Dutch grid operator TenneT has picked Dura Vermeer, BAM Infra Nederland, and Visser & Smit Bouw to carry out civil engineering works for the construction of converter stations to channel electricity from offshore wind farms onto the Netherlands’ national grid.
The trio will build at least eight of these “land stations” between 2024 and 2030, TenneT said.
Using a new, 2GW standard, the stations will convert the wind farms’ power from high-voltage direct-current (HVDC) to alternating current, and the voltage from 525kV to 380kV.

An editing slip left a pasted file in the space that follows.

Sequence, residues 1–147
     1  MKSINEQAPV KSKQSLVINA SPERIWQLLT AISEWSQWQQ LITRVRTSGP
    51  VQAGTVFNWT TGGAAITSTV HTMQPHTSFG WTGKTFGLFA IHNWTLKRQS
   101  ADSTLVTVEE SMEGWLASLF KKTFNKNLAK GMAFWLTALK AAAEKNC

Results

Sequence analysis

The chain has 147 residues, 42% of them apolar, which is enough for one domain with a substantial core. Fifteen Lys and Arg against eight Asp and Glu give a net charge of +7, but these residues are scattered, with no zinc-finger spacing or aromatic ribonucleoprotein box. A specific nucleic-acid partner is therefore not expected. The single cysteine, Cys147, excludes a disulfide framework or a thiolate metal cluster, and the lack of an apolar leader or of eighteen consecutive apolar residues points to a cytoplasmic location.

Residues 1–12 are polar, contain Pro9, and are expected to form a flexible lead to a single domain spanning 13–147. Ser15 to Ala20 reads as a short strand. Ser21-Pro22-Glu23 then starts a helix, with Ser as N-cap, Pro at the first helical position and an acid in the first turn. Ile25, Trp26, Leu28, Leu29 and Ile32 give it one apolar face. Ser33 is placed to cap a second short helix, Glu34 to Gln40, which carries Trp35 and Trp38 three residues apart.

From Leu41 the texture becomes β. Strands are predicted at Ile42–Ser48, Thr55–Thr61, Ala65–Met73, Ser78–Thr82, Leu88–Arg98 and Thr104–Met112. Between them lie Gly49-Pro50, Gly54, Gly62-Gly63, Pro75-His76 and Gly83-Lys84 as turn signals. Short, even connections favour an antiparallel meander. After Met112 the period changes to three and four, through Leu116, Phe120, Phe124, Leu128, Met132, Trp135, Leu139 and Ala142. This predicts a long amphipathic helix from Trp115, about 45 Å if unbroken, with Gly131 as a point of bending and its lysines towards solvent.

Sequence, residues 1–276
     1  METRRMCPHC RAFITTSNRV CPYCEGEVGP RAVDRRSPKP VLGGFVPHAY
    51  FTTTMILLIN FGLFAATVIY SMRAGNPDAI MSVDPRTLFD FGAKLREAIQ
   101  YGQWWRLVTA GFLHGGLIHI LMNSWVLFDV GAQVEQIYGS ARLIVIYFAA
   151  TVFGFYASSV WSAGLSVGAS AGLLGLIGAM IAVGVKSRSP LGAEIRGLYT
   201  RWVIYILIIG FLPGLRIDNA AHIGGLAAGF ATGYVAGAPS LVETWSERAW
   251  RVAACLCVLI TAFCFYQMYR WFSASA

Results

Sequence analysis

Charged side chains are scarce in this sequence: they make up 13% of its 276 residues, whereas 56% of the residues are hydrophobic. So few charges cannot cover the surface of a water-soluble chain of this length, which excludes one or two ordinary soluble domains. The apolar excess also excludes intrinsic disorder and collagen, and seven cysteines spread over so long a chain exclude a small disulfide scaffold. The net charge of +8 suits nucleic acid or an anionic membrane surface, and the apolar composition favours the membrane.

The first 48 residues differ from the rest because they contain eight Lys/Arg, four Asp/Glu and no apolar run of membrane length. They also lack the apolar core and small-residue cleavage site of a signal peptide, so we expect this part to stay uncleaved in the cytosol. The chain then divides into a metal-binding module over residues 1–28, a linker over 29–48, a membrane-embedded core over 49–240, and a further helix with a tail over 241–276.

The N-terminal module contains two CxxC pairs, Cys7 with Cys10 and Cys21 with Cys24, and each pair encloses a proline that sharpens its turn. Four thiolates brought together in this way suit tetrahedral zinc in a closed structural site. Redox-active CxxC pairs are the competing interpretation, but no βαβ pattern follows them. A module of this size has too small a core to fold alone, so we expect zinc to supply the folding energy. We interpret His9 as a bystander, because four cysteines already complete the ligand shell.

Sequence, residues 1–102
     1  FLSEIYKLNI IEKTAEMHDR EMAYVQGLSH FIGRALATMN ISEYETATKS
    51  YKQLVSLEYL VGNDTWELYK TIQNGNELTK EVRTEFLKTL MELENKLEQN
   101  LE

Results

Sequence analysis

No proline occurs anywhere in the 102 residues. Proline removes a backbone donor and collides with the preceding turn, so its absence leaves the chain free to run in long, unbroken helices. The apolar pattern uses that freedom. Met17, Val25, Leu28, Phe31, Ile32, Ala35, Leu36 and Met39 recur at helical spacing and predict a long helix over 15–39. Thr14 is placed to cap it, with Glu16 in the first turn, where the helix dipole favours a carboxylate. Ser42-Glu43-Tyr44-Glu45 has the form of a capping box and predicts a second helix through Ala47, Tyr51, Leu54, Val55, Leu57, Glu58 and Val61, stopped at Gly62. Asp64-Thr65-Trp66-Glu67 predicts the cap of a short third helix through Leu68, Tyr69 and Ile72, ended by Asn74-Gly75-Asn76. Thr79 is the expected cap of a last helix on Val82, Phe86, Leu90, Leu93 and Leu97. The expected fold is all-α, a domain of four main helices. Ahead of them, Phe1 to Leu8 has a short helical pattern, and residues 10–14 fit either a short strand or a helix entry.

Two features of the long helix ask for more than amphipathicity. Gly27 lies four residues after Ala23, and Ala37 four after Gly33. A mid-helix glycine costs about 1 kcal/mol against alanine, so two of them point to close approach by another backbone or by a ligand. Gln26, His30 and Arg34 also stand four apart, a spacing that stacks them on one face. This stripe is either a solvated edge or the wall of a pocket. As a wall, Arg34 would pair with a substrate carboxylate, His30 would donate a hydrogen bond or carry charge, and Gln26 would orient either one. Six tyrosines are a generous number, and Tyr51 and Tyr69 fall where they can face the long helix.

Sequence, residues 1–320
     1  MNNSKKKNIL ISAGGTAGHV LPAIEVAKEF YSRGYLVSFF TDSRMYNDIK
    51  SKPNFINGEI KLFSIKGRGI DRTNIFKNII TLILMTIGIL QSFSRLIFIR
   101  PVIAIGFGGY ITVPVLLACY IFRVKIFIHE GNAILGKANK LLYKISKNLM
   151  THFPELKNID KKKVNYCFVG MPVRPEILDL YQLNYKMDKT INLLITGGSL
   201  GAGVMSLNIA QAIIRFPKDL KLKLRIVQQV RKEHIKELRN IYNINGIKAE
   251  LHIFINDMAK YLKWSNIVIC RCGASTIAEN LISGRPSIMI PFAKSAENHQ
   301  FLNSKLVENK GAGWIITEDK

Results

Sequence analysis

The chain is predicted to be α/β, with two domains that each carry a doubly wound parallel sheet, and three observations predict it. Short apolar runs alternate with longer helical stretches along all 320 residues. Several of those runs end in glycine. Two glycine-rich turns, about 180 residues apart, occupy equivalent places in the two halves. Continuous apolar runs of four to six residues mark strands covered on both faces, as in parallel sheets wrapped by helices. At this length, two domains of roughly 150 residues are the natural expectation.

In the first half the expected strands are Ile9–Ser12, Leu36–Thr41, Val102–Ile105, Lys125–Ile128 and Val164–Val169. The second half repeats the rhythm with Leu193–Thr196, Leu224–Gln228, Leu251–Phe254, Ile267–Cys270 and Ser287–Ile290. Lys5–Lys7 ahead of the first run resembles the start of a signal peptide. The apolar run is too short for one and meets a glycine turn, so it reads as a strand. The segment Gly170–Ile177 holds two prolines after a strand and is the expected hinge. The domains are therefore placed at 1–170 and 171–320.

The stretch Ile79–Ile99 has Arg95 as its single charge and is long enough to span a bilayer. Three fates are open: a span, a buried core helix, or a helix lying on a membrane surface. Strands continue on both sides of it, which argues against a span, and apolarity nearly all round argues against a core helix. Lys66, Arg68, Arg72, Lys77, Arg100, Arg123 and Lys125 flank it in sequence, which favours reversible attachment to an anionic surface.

TenneT said the 2GW capacity per system will cut the number of grid connections required.
TenneT wants to improve its wind farm connection capacity, which now is around 7.2GW in the German North Sea and around 2.8GW in the Dutch North Sea.
It said the transition to offshore wind “will help Europe become the world’s first climate-neutral continent”.
The companies are now working on the stations’ detailed design. The first is expected in 2026.
TenneT said they were selected on quality, safety, and sustainability.
Its director of large offshore projects, Marco Kuijpers, said the stations’ roofs would be built on the ground and then raised into place, cutting the need to work at height.
Where possible, wood and recycled concrete will be used to replace steel and fresh concrete.